Air Asia Eyes Growth in the Philippines

AirAsia is planning an aggressive expansion in the Philippine market that will see the budget carrier take on the major players of the industry: Cebu Pacific and Philippine Airlines. According to AirAsia officials, the carrier would like to increase passenger volume in the Philippines by 50 percent this year. 

Copyright Photo: Angelo Agcamaran/PPSG
"I just turned 50 and I still have the energy to live in the next 50 years," said Tony Fernandes, AirAsia Group CEO. "Cebu Pacific and Philippines Airlines should watch out for that growth." AirAsia is currently preparing to make Kalibo International Airport its secondary hub in the country after Ninoy Aquino International Airport. "We have a very exciting plan outside of Manila where we can open up new markets through tourism growth," Fernandes added.

AirAsia is planning to nearly double the current number of flights it offers from Manila to Kalibo from seven to thirteen daily. The carrier also has an aggressive international expansion plan ready for China that would see the airline launch new flights from Kalibo to Guangzhou, Chengdu, Ningbo, Changsha, Xiamen, Hangzhou, and Wenzhou.

According to Marianne Hontiveros, President & CEO of AirAsia Philippines, once the final consolidation with AirAsia Zest has been completed, the airline will be able to drive major growth in the country. "We are in the final stages of consolidation with AirAsia Zest," said Hontiveros. "We are just waiting for the approval of the Senate before moving to final acquisition." 

Once AirAsia Philippines receives controlling interest of AirAsia Zest, the AirAsia Group plans to increase its initial $100 million investment in the Philippine affiliates to enable them to drive growth by adding more aircraft and new routes. Last year, AirAsia Philippines purchased a 49 percent stake in Zest Air that was later rebranded to AirAsia Zest. The two carriers recently completed consolidation and rationalization of domestic routes. 

With consolidation and rationalization now complete, the combined partnership of AirAsia Philippines and AirAsia Zest now operates an extensive route network comprised of 20 international flights and 50 domestic flights. Hontiveros added that the carrier is just awaiting approval from the Civil Aeronautics Board to begin flying to Singapore, Japan, and Bangkok from Manila or Kalibo.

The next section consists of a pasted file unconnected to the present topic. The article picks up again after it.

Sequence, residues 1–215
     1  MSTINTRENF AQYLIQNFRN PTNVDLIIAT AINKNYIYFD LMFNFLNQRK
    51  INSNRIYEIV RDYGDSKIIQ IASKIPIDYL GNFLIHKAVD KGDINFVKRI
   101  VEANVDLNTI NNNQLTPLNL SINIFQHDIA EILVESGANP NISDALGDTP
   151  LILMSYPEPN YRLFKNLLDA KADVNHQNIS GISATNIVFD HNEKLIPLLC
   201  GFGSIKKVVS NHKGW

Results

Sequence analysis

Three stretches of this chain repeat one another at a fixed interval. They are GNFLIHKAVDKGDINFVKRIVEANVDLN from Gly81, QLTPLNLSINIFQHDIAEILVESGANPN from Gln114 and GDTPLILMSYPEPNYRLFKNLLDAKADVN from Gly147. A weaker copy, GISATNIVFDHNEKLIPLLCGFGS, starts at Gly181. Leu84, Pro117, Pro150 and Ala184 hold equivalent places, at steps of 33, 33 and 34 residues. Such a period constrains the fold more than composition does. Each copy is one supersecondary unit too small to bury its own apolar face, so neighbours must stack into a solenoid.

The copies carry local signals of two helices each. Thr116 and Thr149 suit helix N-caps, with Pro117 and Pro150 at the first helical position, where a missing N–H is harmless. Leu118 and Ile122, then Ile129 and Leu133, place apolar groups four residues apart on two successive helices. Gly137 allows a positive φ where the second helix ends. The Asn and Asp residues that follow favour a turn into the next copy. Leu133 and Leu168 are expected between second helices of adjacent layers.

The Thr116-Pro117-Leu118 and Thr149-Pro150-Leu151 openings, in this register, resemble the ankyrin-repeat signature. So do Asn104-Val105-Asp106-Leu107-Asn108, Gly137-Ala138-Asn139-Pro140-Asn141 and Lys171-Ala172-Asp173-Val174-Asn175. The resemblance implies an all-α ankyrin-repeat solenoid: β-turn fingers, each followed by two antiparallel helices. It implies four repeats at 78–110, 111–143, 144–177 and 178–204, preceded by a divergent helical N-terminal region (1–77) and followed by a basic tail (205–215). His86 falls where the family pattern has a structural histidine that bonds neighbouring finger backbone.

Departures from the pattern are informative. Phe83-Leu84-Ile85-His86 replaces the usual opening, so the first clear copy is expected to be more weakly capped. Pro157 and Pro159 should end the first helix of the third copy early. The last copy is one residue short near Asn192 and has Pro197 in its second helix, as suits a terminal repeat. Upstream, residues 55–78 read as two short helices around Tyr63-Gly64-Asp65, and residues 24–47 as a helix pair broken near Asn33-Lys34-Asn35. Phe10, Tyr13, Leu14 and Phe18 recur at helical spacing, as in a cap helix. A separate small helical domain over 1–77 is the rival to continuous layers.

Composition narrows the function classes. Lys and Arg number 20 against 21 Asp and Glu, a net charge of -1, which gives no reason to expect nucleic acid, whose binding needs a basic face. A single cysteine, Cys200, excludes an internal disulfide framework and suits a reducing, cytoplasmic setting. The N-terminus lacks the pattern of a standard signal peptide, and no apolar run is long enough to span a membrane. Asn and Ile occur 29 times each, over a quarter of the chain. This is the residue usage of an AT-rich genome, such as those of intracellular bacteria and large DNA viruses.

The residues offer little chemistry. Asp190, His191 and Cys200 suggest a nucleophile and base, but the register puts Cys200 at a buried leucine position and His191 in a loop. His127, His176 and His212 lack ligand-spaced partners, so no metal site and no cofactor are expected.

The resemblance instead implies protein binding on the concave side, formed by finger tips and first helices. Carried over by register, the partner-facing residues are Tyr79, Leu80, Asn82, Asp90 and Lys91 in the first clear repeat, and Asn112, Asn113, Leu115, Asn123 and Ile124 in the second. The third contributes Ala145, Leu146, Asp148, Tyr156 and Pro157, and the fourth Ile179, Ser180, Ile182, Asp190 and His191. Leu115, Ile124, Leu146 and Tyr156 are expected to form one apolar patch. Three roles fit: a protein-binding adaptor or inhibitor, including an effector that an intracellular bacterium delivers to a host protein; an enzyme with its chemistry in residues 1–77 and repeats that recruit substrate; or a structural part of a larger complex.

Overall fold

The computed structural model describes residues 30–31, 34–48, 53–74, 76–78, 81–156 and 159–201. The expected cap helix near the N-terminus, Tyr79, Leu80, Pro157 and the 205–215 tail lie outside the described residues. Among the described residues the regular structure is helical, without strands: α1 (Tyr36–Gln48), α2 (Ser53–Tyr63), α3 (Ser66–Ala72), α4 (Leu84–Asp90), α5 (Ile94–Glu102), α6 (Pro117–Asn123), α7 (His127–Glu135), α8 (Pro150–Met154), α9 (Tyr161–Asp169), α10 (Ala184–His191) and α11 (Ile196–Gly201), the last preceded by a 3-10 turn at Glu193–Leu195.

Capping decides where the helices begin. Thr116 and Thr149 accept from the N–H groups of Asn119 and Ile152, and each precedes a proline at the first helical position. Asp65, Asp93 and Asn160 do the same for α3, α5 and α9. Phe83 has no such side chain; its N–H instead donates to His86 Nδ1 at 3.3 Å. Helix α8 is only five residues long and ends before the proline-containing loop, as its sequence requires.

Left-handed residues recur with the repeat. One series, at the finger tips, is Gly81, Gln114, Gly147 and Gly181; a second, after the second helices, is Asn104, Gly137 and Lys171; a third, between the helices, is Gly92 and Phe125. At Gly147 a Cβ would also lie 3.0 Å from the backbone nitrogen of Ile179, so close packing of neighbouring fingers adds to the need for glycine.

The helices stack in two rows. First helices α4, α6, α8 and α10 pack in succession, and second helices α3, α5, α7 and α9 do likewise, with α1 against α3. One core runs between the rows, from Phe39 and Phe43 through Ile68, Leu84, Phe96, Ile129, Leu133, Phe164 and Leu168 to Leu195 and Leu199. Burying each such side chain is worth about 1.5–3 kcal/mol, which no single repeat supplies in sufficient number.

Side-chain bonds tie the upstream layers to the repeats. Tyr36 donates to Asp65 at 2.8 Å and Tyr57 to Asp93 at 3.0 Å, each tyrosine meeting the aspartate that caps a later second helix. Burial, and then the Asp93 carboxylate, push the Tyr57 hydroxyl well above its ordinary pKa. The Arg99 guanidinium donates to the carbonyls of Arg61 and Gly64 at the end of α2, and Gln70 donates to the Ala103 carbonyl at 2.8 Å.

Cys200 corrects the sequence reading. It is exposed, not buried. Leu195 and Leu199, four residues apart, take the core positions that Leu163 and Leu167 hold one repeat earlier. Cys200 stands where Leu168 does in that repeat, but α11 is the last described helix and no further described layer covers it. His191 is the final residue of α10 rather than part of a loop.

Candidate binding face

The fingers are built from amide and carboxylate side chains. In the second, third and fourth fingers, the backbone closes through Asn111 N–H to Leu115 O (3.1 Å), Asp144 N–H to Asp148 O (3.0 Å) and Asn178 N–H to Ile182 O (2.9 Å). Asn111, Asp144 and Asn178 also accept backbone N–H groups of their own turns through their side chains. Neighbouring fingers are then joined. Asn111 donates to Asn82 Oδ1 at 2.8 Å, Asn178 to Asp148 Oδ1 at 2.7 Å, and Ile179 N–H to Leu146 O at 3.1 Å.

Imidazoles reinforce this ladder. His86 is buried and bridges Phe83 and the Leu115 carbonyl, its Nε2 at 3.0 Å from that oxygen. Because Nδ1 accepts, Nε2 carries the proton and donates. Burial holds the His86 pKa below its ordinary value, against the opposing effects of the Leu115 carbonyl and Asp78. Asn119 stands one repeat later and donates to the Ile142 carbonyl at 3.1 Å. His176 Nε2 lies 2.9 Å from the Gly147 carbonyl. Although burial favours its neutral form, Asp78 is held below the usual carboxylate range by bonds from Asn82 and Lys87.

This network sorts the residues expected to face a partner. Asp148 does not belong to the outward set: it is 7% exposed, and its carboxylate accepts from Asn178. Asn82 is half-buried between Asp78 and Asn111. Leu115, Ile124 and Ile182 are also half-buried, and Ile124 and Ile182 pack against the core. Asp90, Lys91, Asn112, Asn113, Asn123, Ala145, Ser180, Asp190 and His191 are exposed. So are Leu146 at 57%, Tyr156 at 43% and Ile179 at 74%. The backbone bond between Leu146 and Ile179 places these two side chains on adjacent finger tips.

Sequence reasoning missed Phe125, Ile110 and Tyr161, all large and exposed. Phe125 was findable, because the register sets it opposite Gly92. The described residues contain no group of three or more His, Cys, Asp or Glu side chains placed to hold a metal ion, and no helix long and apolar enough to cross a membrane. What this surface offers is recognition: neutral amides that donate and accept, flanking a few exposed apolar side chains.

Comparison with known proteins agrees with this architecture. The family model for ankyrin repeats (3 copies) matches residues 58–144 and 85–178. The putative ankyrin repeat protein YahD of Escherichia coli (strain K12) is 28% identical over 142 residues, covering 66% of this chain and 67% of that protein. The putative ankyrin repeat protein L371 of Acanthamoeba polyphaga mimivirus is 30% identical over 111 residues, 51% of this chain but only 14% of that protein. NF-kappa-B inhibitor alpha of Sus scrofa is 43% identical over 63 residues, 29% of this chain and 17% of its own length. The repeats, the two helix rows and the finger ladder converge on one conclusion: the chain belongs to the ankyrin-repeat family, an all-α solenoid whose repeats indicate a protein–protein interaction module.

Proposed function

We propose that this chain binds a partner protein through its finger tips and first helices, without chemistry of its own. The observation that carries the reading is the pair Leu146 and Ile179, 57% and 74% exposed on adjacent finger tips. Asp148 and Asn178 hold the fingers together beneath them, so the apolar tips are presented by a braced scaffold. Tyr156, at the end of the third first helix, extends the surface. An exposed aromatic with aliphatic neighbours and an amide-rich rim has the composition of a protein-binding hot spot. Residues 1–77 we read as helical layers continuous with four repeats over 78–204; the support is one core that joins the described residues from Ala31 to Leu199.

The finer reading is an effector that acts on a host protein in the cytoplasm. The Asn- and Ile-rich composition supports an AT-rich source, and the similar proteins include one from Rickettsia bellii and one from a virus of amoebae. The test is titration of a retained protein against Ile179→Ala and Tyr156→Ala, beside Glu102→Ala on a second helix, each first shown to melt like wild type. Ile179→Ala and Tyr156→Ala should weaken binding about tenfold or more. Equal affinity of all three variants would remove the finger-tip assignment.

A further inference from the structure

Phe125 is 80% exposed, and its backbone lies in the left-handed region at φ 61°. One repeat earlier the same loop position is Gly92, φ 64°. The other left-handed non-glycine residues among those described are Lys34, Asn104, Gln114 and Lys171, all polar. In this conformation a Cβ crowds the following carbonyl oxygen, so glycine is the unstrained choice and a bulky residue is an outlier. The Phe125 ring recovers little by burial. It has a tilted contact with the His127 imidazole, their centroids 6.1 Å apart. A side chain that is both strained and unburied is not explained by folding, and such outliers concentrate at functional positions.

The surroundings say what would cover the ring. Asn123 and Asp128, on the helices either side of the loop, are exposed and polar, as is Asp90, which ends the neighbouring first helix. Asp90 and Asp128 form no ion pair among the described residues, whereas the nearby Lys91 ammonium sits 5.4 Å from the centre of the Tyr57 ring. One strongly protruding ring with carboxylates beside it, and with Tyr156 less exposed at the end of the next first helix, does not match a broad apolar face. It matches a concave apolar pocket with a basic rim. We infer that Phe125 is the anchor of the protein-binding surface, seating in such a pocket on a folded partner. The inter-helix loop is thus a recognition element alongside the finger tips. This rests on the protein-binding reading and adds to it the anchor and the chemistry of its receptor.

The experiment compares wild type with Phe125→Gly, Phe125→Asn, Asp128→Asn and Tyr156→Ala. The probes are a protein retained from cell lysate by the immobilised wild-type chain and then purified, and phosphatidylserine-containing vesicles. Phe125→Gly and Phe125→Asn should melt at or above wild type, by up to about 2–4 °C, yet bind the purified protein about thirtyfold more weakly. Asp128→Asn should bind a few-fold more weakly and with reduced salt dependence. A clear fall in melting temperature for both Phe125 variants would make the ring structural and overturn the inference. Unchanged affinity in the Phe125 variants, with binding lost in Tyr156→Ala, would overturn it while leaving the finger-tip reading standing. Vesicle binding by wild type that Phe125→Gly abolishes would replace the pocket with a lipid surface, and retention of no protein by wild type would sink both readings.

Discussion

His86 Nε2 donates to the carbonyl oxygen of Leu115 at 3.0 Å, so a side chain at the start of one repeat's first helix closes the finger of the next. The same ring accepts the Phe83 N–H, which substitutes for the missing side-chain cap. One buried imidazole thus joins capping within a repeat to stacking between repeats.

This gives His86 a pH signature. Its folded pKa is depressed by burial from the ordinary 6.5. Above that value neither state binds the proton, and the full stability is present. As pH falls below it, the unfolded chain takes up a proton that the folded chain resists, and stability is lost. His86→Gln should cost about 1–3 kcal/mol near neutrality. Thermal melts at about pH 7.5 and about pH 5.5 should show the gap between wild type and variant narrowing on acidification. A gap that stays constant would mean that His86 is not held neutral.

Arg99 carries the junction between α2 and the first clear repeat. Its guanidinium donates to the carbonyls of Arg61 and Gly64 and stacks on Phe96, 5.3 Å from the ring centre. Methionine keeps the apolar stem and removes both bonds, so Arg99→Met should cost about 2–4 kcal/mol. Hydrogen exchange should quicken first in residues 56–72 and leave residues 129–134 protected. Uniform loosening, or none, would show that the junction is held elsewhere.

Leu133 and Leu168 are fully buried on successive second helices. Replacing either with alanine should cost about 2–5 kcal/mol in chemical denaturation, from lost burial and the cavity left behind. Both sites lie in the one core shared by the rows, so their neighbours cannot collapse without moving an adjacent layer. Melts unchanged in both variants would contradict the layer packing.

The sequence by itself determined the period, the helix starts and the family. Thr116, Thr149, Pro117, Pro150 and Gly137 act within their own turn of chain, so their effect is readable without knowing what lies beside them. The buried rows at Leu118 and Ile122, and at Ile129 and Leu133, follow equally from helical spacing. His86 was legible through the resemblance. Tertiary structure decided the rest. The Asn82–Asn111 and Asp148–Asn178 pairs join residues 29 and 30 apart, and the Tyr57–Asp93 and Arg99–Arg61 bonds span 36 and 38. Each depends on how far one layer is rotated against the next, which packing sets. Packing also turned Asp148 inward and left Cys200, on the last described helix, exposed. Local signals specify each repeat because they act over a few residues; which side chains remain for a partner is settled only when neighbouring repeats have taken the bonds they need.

AirAsia is also seeking additional slots at Ninoy Aquino International Airport with a view to expand its operations from Terminal 4, while adding additional slots from Terminal 3. The carrier has expressed interest in the past in constructing a low-cost carrier terminal at the country's primary international gateway. "The restoration of Category 1 by the United States Federal Aviation Administration and the lifting of the European Union ban will open many opportunities for AirAsia and the Philippines," said Hontiveros. 

Although the AirAsia Group continues to be bullish on the prospects of the Philippine market, it stressed that it will never be able to reach its full potential unless the nation begins to accelerate investments in infrastructure. Tony Fernandes said that he believes in the tourism potential of the country and is encouraged by a "great government that wants to talk and listen."

"AirAsia's first year in the Philippines has been a 'tough' ride, but the company is focused on its game plan of 'making money, growing, entering new areas and creating new markets,'" said Fernandes. "We have a baptism of fire with the Civil Aviation Authority of the Philippines grounding us last year. We got two strong competitors in PAL and Cebu Pacific, but we've ridden the storm and things are looking good for the future."

Fernandes said that future Asean integration will benefit the country and the region but more work needs to be done. "We believe in this market. I love this place. Tourism here is exploding," said Fernandes. "You have 80-100 million people here, but we can't maximize that until you build some airports here, roads, and infrastructure."

Fernandes added that the region is moving in the right direction by liberalizing the aviation sector. "From where Europe is to us, we may be 50 percent behind, but we've gone a long way from where we were," said Fernandes. "There are many ways of blocking areas like slots and air traffic. If you want to be open, you have to be open."

Fernandes also noted that there are a number of "invisible areas" that impede growth. "It's not just about open skies but in terms of freedom of labor movement -- if a Filipino pilot can work in Malaysia without permit, the aviation sector will benefit not just with open skies but reducing the cost of doing business by having just one market." said Fernandes. "I'm a big fan of that, but it ain't gonna happen overnight."

AirAsia Group recently donated P97 million to the victims of super typhoon Haiyan. The money that was collected as cash donations on board flights and at airports across AirAsia's network will be used to rebuild 500 homes and to finance livelihood opportunities for survivors. 

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